Woodson's deal is worth a maximum of $4.3 million and includes a $700,000 signing bonus, ESPN's Josina Anderson reported.
The move will be widely popular with Raiders fans, many of who staked out the team's facility on Tuesday to greet Woodson on his visit and urge him to sign with the team.
They got their wish a few hours after he arrived when the team announced his signing.
Woodson, the fourth overall pick in the 1998 draft by Oakland, returns to a vastly different franchise than the one he left following his eighth season with the team in 2005. Owner Al Davis died in October 2011, and the team is now run by Davis' son, Mark. Kicker Sebastian Janikowski is the only player left from Woodson's eight years in Oakland that included three straight AFC West titles and a trip to the Super Bowl following the 2002 season.
The Raiders haven't had a winning season or a playoff berth since, adding to the fans' desire to bring back Woodson and a connection to past successes.
The 36-year-old was released by the Green Bay Packers in a salary-cutting move Feb. 15, with two years remaining on his contract. He had said he wanted to join a contender and visited with San Francisco and Denver but ended up signing with a rebuilding Raiders team coming off a 4-12 season.
Woodson, the 1997 Heisman Trophy winner at Michigan, is an accomplished cornerback and safety who will bring veteran leadership to Oakland's secondary. The Raiders have a void at free safety after letting Michael Huff go in the offseason and also would like Woodson to tutor first-round cornerback D.J. Hayden.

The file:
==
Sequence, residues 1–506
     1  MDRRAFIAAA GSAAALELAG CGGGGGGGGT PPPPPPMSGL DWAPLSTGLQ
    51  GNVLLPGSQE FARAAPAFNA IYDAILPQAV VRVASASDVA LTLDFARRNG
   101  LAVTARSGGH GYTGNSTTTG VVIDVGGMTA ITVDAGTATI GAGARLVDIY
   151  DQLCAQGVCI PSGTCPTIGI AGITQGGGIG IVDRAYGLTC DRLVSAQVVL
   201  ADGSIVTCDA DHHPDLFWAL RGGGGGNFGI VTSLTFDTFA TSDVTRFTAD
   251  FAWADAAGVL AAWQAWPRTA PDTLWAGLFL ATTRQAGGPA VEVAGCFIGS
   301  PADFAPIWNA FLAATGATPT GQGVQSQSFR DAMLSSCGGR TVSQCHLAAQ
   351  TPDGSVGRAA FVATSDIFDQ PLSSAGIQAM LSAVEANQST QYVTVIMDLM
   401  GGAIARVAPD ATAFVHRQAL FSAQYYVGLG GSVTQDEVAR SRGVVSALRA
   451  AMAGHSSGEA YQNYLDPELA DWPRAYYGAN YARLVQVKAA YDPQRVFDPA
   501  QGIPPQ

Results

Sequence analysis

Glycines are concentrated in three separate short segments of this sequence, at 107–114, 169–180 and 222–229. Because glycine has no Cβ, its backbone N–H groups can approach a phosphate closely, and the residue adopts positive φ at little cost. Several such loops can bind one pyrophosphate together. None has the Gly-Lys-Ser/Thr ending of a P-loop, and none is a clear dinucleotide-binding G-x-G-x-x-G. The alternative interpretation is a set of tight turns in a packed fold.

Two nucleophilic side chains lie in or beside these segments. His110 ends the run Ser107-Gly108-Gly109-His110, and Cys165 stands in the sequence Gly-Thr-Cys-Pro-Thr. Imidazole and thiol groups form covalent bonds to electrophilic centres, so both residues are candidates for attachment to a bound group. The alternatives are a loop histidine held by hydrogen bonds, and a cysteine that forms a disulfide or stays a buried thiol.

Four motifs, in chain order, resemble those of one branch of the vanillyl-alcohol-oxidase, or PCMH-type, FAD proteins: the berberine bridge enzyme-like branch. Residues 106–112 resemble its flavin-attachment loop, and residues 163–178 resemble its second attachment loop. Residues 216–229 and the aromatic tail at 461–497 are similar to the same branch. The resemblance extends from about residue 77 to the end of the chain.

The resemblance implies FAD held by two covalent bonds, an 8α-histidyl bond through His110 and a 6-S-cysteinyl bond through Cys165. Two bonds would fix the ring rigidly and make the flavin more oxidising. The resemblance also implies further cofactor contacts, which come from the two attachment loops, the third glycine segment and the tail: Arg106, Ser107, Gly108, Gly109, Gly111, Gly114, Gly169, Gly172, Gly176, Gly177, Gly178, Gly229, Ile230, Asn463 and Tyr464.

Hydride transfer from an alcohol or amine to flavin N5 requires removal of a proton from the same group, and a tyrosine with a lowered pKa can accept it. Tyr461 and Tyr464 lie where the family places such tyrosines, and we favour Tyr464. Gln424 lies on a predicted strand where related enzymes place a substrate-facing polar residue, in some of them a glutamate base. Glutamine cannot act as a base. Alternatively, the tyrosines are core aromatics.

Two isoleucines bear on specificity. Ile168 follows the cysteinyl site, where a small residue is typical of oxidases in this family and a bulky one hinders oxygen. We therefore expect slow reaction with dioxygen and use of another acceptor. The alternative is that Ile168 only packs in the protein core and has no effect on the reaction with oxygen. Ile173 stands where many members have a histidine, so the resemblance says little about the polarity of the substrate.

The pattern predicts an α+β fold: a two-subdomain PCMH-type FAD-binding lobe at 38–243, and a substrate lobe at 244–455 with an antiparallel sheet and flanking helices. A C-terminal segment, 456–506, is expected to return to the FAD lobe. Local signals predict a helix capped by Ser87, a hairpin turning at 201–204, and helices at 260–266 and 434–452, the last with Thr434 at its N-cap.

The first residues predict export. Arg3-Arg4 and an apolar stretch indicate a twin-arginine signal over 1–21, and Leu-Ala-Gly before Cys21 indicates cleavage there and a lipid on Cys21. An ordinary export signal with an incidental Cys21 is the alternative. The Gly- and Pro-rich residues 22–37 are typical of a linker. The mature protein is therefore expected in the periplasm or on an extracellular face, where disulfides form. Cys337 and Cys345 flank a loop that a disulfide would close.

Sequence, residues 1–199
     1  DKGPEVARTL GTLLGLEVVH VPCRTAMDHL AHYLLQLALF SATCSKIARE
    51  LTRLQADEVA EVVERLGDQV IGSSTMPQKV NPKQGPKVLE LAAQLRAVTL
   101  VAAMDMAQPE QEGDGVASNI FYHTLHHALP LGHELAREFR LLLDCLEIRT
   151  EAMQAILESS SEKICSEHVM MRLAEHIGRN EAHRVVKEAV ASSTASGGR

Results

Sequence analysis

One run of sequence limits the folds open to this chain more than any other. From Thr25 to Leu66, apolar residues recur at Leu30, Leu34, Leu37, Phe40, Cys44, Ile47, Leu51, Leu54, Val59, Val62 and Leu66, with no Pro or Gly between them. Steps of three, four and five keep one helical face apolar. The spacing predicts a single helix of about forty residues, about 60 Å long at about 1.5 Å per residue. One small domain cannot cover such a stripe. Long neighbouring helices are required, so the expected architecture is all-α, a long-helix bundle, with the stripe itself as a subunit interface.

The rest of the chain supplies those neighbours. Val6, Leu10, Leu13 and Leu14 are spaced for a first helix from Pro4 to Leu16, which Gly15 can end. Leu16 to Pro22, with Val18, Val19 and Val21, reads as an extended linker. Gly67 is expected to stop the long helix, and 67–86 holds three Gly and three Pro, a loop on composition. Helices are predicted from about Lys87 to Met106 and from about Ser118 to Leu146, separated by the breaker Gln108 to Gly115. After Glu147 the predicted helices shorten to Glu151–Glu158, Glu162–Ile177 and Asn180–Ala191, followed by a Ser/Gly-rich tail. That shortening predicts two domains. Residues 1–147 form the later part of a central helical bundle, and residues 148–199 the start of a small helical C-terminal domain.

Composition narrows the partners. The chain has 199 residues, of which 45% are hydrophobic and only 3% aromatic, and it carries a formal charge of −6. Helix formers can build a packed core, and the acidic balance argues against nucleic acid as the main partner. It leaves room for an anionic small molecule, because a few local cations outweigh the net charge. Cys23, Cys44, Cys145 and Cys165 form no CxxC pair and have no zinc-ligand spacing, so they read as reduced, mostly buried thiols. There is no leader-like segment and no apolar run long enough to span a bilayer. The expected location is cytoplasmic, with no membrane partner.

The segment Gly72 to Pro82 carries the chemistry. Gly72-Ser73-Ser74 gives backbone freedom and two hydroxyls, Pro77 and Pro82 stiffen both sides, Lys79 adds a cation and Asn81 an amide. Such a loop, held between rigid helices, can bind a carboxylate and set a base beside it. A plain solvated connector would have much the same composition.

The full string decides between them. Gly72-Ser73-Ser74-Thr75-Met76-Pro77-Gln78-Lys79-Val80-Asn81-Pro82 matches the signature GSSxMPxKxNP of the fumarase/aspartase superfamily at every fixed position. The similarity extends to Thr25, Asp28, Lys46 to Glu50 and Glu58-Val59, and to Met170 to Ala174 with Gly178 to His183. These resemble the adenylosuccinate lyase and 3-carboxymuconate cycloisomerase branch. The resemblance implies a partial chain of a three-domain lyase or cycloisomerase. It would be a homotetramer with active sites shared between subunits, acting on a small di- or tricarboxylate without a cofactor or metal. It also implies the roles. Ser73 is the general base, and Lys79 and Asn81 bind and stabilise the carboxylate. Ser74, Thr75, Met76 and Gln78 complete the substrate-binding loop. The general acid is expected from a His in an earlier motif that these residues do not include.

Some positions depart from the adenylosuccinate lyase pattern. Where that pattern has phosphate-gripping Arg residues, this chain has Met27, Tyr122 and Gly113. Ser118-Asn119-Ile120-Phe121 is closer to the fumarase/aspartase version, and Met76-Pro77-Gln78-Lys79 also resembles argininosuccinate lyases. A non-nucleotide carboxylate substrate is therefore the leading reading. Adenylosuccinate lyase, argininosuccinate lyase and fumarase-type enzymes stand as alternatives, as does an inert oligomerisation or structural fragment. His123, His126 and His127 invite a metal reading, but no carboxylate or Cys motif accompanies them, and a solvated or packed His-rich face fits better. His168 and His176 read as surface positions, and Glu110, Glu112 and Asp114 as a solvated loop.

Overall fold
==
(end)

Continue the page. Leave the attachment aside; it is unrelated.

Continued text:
Woodson, an eight-time Pro Bowler and 2009 NFL Defensive Player of the Year, missed nine games during the regular season for Green Bay last year because of a broken right collarbone.
He spent seven seasons with the Packers, helping them win the Super Bowl following the 2010 season. He has 55 career interceptions, 17 sacks, 24 forced fumbles and 11 interception returns for touchdowns in 206 career games.
Woodson is very familiar with Raiders general manager Reggie McKenzie, who worked in the front office in Green Bay for all but one of his years with the Packers.
Late in his first season with the Raiders, McKenzie talked about the difficult situation he inherited with the Raiders compared to the one his former boss Ted Thompson got in Green Bay.
"His rookie year he was able to get Charles Woodson. I would have liked to have done that," McKenzie said in November.
McKenzie got his man but it remains to be seen how much Woodson has left.
Information from The Associated Press was used in this report.